The 1975 poke fun at Brits with critical captions, prompting hack attack fears

Rock group The 1975 mocked their critics with a tongue-in-cheek self-trolling performance at the Brit Awards, as their set was “interrupted” by flashes of derogatory messages about their music.

The band won the coveted British Group award at the ceremony before taking to the stage to perform their hit The Sound, which saw them project highlights from negative reviews they have received.

One of the messages read: “Is this a joke?”

The 1975 at the Brit Awards (Dominic Lipinski/PA)

“Do people really still make music like this?” one of the pop-ups asked, while another slated the band’s “terrible high pitched vocals”.

“There’s no danger in this music at all,” opined another.

Viewers were slightly confused about the stunt, with some on Twitter suggesting that the show had been hacked.

However, fans of the band were quick to point out that the pink and white messages were actually used in The Sound’s official music video.

While The 1975 are a fan-favourite, with two chart-topping albums among their accolades, music industry critics have been less enthused about their pop-rock sound, with NME even naming them the Worst Band at their awards in 2014.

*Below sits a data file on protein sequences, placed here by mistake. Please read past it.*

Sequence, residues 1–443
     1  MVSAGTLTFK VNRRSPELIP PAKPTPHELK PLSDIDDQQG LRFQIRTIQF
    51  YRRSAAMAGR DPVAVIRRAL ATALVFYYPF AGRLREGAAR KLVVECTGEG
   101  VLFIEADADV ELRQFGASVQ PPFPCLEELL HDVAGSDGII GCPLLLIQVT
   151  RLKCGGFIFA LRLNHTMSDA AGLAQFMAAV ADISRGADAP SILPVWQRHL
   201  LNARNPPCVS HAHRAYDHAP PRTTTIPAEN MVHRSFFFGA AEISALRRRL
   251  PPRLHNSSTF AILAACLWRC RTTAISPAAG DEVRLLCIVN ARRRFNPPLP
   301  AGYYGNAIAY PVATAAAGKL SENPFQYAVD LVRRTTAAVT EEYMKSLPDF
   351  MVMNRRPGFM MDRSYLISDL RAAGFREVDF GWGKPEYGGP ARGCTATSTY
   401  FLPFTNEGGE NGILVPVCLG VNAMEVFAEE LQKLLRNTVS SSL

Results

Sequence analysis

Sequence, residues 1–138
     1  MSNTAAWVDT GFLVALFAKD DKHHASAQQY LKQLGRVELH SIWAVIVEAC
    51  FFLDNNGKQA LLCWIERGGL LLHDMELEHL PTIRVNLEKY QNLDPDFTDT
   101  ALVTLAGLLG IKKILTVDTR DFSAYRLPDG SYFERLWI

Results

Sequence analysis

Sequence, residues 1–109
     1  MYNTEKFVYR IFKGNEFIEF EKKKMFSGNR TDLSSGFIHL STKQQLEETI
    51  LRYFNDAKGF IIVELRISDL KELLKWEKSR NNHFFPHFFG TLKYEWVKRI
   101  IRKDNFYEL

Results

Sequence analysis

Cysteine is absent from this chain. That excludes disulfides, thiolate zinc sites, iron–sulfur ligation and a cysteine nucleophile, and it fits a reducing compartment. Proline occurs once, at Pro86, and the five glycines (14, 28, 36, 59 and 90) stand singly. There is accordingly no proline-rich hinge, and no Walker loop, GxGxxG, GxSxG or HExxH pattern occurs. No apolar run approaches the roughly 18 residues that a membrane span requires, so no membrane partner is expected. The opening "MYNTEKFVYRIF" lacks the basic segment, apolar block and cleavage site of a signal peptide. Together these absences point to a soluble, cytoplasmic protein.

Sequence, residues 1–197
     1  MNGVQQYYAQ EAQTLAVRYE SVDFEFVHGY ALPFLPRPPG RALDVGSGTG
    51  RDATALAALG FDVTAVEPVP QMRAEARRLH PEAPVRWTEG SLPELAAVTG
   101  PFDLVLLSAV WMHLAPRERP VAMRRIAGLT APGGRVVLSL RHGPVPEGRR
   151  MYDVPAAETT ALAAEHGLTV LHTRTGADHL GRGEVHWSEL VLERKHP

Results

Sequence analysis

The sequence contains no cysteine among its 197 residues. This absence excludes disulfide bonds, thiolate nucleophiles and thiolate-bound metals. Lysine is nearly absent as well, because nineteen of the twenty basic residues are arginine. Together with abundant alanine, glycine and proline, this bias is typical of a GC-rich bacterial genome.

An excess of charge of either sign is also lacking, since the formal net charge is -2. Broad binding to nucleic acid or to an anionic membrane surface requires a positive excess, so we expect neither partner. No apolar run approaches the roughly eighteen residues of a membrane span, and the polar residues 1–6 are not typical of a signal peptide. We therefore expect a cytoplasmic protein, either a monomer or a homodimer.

Earlier in the evening, the band’s frontman Matt Healy urged people to speak up about their political views as they accepted their Brit Award.

He said: “I think people in pop music and in the broader public consciousness are told to stay in your lane, stay in your lane when talking about social issues.

“But if you have a platform don’t do that, please don’t do that.”

More in this Section

Christian Bale and Olivia Colman among British Oscar hopefuls

Emily Ratajkowski wishes husband Sebastian Bear-McClard happy birthday

Foals set to play Trinity Summer Series

Hollyoaks star Jimmy Essex gets engaged to boyfriend of six years


The Meghan effect: Keep your sparkle, just buy less

The creative arm of Cork solicitor Catherine Kirwan

New cheap classic will be right within your gaming budget

Director Adam McKay's bizarre case of life imitating art following filming of Vice

More From The Irish Examiner